The curious case of Nirav Modi in PNB Fraud

PNB fraud is the latest addition to the list of scams and is indeed a very shocking incident. On February 14, 2018, when everybody was celebrating the festival of love, PNB appalled everyone by declaring a fraud of an estimated amount of Rs.11,400 crores (now estimated at Rs.12,600 crores).

Punjab National Bank, which is India’s second largest state-run bank, had detected a fraud in its Mumbai Branch. The PNB fraud allegedly involves several employees of the Mumbai branch of PNB and the diamond businessman Nirav Modi and Gitanjali Group owner Mehul Choksi.

Role of LoUs in the PNB Fraud?

PNB fraud started in 2011 when PNB issued Letter of Undertaking (LoU) (which is like a guarantee given to an overseas branch of an Indian bank) to some of the overseas branches of Indian banks like Allahabad Bank and Axis bank for Nirav Modi. Nirav Modi asked for these LoU in lieu of borrowing money from these overseas branches for buying and importing diamonds & pearls.

Usually, the LoU is backed by a collateral which ensures the recovery of money for the bank in case of a default. However, PNB did not ask for a collateral from Nirav Modi.

The foreign branches had been obtaining Letters of Undertaking from Punjab National Bank since 2011 to 2017 becausr  the LoUs have a fixed expiry date, as the liability of bank cannot be for an indefinite period in perpetuity. Accordingly, the total of Rs.12,600 crore has emerged, which is the total value of Letters of Guarantee which PNB has issued to Nirav Modi & Mehul Choksi’s group of companies.

The cycle of Rolling Over of Credit :-

The guarantees that were issued in 2011 would have ended in the same year or 2012 since these LoUs are usually issued for a period of three months. Modi & Choksi had two choices then, either repay the amount taken by the foreign bank or provide them with another freshly issued LoU. In the latter case, the old liability of PNB would have been subsumed by the new letter of undertaking, with a higher amount. This is called rolling over of credit.

They went back to PNB and asked for another LoU. The new LoU was of the amount that covered previous loan plus the interest. In other words, the money received through fresh LoU was used by them to repay the previous loan.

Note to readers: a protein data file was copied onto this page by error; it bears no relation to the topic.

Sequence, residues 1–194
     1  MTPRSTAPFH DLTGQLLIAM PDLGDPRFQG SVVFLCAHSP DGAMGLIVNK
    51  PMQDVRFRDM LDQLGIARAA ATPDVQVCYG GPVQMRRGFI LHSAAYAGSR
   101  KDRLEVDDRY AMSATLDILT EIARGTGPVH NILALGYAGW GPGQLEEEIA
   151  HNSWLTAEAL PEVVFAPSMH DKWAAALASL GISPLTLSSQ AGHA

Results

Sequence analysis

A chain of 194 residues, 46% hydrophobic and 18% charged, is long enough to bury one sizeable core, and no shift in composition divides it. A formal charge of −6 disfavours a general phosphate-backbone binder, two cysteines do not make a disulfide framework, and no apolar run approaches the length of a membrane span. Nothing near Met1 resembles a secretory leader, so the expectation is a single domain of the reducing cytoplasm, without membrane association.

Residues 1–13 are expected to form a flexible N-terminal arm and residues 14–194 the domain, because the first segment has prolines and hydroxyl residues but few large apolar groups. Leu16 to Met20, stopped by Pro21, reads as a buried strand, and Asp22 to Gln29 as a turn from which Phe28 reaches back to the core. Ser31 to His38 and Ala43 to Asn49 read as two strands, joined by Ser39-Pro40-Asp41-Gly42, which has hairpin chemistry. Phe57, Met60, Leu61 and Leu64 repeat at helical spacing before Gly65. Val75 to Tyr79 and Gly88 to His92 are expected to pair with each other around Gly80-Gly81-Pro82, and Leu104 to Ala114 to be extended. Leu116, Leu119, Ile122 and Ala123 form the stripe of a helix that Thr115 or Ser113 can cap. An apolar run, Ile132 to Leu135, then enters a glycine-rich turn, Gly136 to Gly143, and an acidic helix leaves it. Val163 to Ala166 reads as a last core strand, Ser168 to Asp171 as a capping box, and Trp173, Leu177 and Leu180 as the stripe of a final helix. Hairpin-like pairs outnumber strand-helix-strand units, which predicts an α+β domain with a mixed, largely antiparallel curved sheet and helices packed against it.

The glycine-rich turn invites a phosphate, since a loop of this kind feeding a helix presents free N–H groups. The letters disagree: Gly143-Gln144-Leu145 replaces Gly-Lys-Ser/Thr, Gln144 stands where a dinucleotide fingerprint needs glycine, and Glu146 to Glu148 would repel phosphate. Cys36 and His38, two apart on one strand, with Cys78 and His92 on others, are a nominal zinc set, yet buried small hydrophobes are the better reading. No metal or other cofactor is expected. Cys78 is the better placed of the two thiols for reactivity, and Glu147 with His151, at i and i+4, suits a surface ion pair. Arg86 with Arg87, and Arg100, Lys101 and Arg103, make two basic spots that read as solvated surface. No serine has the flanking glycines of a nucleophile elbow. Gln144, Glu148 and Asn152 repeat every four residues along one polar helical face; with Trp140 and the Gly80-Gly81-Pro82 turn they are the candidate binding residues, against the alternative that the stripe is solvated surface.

This cycle of issuing fresh LoU continued till 2017, and every time the previous LoU expired, Modi/Chokshi provided the foreign lenders with freshly issued LoU since they did not wanted to pay. So the total estimated liability i.e. Rs.12,600 crores is the cumulative of the borrowed funds and accumulated interest thereon. The foreign branches of Indian banks who have discounted the LoUs issued by PNB and provided funds to Modi/Choksi have no cause of worry because they will be reimbursed in full by PNB.

Non-integration of SWIFT and PNB’s Core Banking System :-

Also, the global messaging system SWIFT (Society for Worldwide Interbank Financial Telecommunication) through which PNB communicated with the foreign branches to give confirmations is not integrated with PNB’s core banking solution (CBS), due to which these LoUs did not come to light.

The LoUs sent via SWIFT didn’t show up on CBS, which links all the PNB branches electronically. Thus, Modi & Choksi exploited the gap of SWIFT not being integrated with PNB’s Core Banking System (CBS) to commit the fraud.

Udit Goswami

A finance enthusiast, Udit Goswami is a Chartered Accountant and an undergraduate from University of Delhi having worked in the field of Mergers & Acquisitions (Tax) for over 3 years.

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